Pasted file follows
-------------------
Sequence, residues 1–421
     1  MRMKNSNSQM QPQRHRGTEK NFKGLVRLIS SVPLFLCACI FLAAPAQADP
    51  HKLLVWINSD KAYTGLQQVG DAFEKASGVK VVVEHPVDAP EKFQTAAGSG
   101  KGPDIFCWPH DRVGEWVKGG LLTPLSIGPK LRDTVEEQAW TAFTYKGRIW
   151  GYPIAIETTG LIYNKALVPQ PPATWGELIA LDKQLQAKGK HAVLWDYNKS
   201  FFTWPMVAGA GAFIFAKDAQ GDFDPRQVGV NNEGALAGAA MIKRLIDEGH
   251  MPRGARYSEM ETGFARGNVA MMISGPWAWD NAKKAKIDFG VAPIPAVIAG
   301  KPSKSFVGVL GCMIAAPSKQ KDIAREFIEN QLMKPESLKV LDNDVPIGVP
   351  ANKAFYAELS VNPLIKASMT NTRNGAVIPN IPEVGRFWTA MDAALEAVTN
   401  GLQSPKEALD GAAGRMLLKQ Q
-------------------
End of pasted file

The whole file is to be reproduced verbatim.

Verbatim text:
Sequence, residues 1–421
     1  MRMKNSNSQM QPQRHRGTEK NFKGLVRLIS SVPLFLCACI FLAAPAQADP
    51  HKLLVWINSD KAYTGLQQVG DAFEKASGVK VVVEHPVDAP EKFQTAAGSG
   101  KGPDIFCWPH DRVGEWVKGG LLTPLSIGPK LRDTVEEQAW TAFTYKGRIW
   151  GYPIAIETTG LIYNKALVPQ PPATWGELIA LDKQLQAKGK HAVLWDYNKS
   201  FFTWPMVAGA GAFIFAKDAQ GDFDPRQVGV NNEGALAGAA MIKRLIDEGH
   251  MPRGARYSEM ETGFARGNVA MMISGPWAWD NAKKAKIDFG VAPIPAVIAG
   301  KPSKSFVGVL GCMIAAPSKQ KDIAREFIEN QLMKPESLKV LDNDVPIGVP
   351  ANKAFYAELS VNPLIKASMT NTRNGAVIPN IPEVGRFWTA MDAALEAVTN
   401  GLQSPKEALD GAAGRMLLKQ Q